100%

Scanned image of the page. Keyboard directions: use + to zoom in, - to zoom out, arrow keys to pan inside the viewer.

Page Options

Download this Issue

Share

Something wrong?

Something wrong with this page? Report problem.

Rights / Permissions

This collection, digitized in collaboration with the Michigan Daily and the Board for Student Publications, contains materials that are protected by copyright law. Access to these materials is provided for non-profit educational and research purposes. If you use an item from this collection, it is your responsibility to consider the work's copyright status and obtain any required permission.

April 15, 2002 - Image 11

Resource type:
Text
Publication:
The Michigan Daily, 2002-04-15

Disclaimer: Computer generated plain text may have errors. Read more about this.

The Michigan Daily - SportsMonday - April 15, 2002 - 3B

New 'M' offense not
on display just yet

RAPHAEL
GOODSTEIN

ByJoe Smith
Daily Sports Editor
It didn't take long for John
Navarre to ignite curiosity about
Michigan's, new offense - or just
state the obvious.
When asked about how much of
Michigan's "significantly" changed
offense the estimated 25,000 fans pre-
viewed on Saturday, Navarre replied
with a matter-of-_
fact answer. FOOTBALL
"Not much,"

e

Navarre said. Notebook
Michigan coach
Lloyd Carr said prior to the spring
game that he wouldn't unleash much of
new offensive coordinator Terry Mal-
one's new schemes. And it sure looked
that way for most of Saturday, with
Michigan's offense resembling what it
looked like last season with numerous
runs up the middle, screen passes and
third-and-longs.
But that doesn't mean that Malone
will stay with the status quo.
"We're going to come out with some
stuff that people wouldn't expect from
Michigan," Michigan tailback Chris
Perry said. "They'll expect the typical
offense that we had last year. Not that
our offense wasn't good, but we're
going to come out with something dif-
ferent this year."
Other than being more "disciplined"
and "consistent," as Navarre claims,
Michigan will also take advantage of its
talented athletes by using short, cross-
ing pass routes that give receivers room
to maneuver and make plays.
"We're going to be a crossing route
team," said Malone, whose Wolverines
ranked sixth in the Big Ten last year in
scoring offense. "I think it's something
to do with our defense playing a lot of
man-to-man coverage. Crossing routes
are a way to battle that, and some rub
routes across the middle. That's part of
our package, but we certainly didn't run

our whole package today."
Receivers like Ron Bellamy love the
new looks of the offense, calling it
"receiver friendly," as it allows them to
have freedom while also giving the
quarterback a chance to spread the ball
around.
"We're going to be multiple,"
Navarre said. "We're going to be able to
run the ball. We already have. That's
been the big improvement this year.
"Last year, we didn't have a lot of
answers. Last year, if the defense did
something to stop what we were run-
ning, that was it. This year, if they stop
that primary look, we have other
answers"
BACK IN STYLE: Carr said that if his
running backs stay healthy, the "back-
field situation is much, much better,
much stronger (than last season)." And
with a lot of young blood in the Michi-
gan backfield, there is a tight competi-
tion warming up for the starting
running back position.
Perry, the incumbent, led all rushers
in the spring game with 34 yards on 12
carries, but sophomore David Under-
wood added 33 yards of his own -
including a swift 18-yard gallop around
the outside late in the scrimmage.
Senior B.J. Askew played both full-
back and tailback last season, utilizing
his size and catching ability to make big
plays out of the backfield much like his
31-yard scamper off a Spencer Brinton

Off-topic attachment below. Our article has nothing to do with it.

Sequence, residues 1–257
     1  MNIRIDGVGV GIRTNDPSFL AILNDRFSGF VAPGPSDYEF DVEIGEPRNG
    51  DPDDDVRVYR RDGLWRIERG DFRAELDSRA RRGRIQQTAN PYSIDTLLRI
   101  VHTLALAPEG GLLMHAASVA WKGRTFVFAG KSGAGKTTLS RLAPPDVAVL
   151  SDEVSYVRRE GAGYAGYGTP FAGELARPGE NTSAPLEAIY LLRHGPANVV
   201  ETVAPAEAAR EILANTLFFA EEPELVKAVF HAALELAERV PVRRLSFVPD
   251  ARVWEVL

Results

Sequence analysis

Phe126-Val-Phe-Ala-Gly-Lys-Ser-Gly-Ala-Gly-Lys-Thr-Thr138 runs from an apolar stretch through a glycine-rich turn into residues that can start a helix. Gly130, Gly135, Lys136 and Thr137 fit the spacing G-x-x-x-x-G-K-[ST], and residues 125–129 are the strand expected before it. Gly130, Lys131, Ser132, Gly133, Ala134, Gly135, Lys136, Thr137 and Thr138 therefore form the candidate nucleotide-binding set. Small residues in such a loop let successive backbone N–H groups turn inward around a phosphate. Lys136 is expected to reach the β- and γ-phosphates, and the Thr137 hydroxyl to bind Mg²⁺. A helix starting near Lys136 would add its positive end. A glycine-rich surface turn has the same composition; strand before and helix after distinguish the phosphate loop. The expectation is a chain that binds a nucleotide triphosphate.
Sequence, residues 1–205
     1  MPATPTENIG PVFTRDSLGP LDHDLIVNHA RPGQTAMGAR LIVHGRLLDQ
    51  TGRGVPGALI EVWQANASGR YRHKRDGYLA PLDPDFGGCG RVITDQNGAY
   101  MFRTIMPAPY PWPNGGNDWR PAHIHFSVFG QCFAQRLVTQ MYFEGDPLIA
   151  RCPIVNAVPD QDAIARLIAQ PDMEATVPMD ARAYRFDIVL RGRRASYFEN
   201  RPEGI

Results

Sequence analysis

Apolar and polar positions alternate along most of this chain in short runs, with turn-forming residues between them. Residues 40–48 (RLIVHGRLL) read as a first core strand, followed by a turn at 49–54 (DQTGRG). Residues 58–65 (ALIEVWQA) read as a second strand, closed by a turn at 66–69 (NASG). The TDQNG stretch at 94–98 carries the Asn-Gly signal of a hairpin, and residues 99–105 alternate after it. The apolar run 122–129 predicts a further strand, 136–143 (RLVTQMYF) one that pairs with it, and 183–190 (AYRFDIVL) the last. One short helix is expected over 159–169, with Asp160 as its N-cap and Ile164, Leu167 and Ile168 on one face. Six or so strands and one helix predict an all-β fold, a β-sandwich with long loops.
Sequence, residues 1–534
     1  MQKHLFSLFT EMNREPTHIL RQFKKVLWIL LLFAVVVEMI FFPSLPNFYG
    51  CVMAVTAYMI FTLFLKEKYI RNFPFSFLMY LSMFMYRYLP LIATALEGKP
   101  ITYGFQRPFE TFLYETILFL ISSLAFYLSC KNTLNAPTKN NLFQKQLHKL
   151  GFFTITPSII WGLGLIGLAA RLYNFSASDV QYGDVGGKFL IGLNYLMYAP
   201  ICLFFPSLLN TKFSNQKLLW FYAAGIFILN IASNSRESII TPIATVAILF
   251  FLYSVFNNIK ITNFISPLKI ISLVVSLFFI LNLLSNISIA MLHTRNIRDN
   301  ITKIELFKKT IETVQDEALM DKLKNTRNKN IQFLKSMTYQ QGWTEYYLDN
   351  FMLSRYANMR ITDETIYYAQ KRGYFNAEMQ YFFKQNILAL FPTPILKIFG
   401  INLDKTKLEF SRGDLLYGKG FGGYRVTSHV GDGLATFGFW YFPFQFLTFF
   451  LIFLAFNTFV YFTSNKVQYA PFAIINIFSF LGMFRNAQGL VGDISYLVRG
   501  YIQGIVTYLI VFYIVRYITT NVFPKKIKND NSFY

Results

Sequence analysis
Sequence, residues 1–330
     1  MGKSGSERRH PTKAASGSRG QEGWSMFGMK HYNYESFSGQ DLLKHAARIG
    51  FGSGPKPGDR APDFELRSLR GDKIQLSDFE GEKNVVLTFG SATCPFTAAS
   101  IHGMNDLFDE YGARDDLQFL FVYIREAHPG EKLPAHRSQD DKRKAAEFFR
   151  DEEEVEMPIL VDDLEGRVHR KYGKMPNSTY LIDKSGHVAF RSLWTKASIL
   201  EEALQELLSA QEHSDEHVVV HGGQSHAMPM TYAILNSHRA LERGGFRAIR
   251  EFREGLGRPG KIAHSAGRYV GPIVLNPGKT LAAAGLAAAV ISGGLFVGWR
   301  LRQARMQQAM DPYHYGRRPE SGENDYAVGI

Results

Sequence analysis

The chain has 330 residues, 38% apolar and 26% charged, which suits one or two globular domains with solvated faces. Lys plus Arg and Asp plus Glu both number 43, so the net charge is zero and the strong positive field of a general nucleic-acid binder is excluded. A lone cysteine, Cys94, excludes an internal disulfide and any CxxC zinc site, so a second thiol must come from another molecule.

screen pass on Saturday.
Along with speedy freshman Kelly
Baraka, Underwood says the tailbacks
want to produce more than last year's
143-yard average per game.
"The greatest run we had last year
was 30 yards, and we're not happy with
that," Underwood said. "This spring we
came in with a goal: We're going to try
to average four or five yards per carry."
Saturday marked the debut for Bara-
ka, one of the most highly sought after
recruits in 2001. Carr did not allow
Baraka to dress for any games last sea-

Garrison Keillor once said that
Midwesterners always say
goodbye three times. That's
only true because goodbye can be
difficult to say.
For me, this is it. The Michigan
Daily yesterday gave me one final
assignment, one last opportunity to
see my byline in
print, one final col- Funny how

Looking to the future,
columnist says goodbye

friend's school.
Sometimes, people forget just how
cool Michigan is.
They forget that Ann Arbor during
the spring and summer is beautiful,
with new ideas and cultural activi-
ties always available.
I'll miss Michigan.
It's easy to
you can't wait remember the

umn. Say goodbye to
college in 20 column
inches. And I now

for school to end, and then it underachieving sea-
does and you wish you could sons in football and
have one more year of it. basketball, but

DANNY MOLOSHOK/Daily
Sophomore linebacker Lawrence Reid connects with Michigan's Kolby Wells in

Saturday's spring game.
son because the tailback was arrested
for marijuana possession twice last
summer. Baraka remained on scholar-
ship and redshirted to save eligibility,
but Saturday's game was the first time
he dressed and played in Michigan Sta-
dium. Baraka had six carries for 14
yards.
"When I first came out I was a little
bit nervous," Baraka said. "But it was
fun, exciting and I'm looking forward
to great things.
"I'm right now in a learning stage,
with the offense. I think I did a pretty
good job executing my assignments,
and the big plays will come later."
But does anyone know who's win-
ning the running back competition?
"Ask Lloyd," Perry said with a grin.
JUST KICKING IT: With Hayden
Epstein's departure, Michigan lost its

primary kicker and punter for most of
the past four years. Carr will likely
chose Epstein's heir from juniors Phil
Brabbs and Troy Neinberg and sopho-
more Luke Per]. Neinberg nailed 42-
and 37-yard field goal attempts while
Brabbs split the uprights on a 26-yarder.
At punter, both junior Andy Mignery
and sophomore Adam Finley boomed
their fair share of punts, averaging 42
yards and 40 yards, respectively. Mign-
ery did seem to have more hang time,
and he said it's been tough making the
adjustment from quarterback to tight
end and punter this spring.
"I think I had a really good day
today," Mignery said. "It's hard when
playing two positions to spend the time
you really need on punting. But I do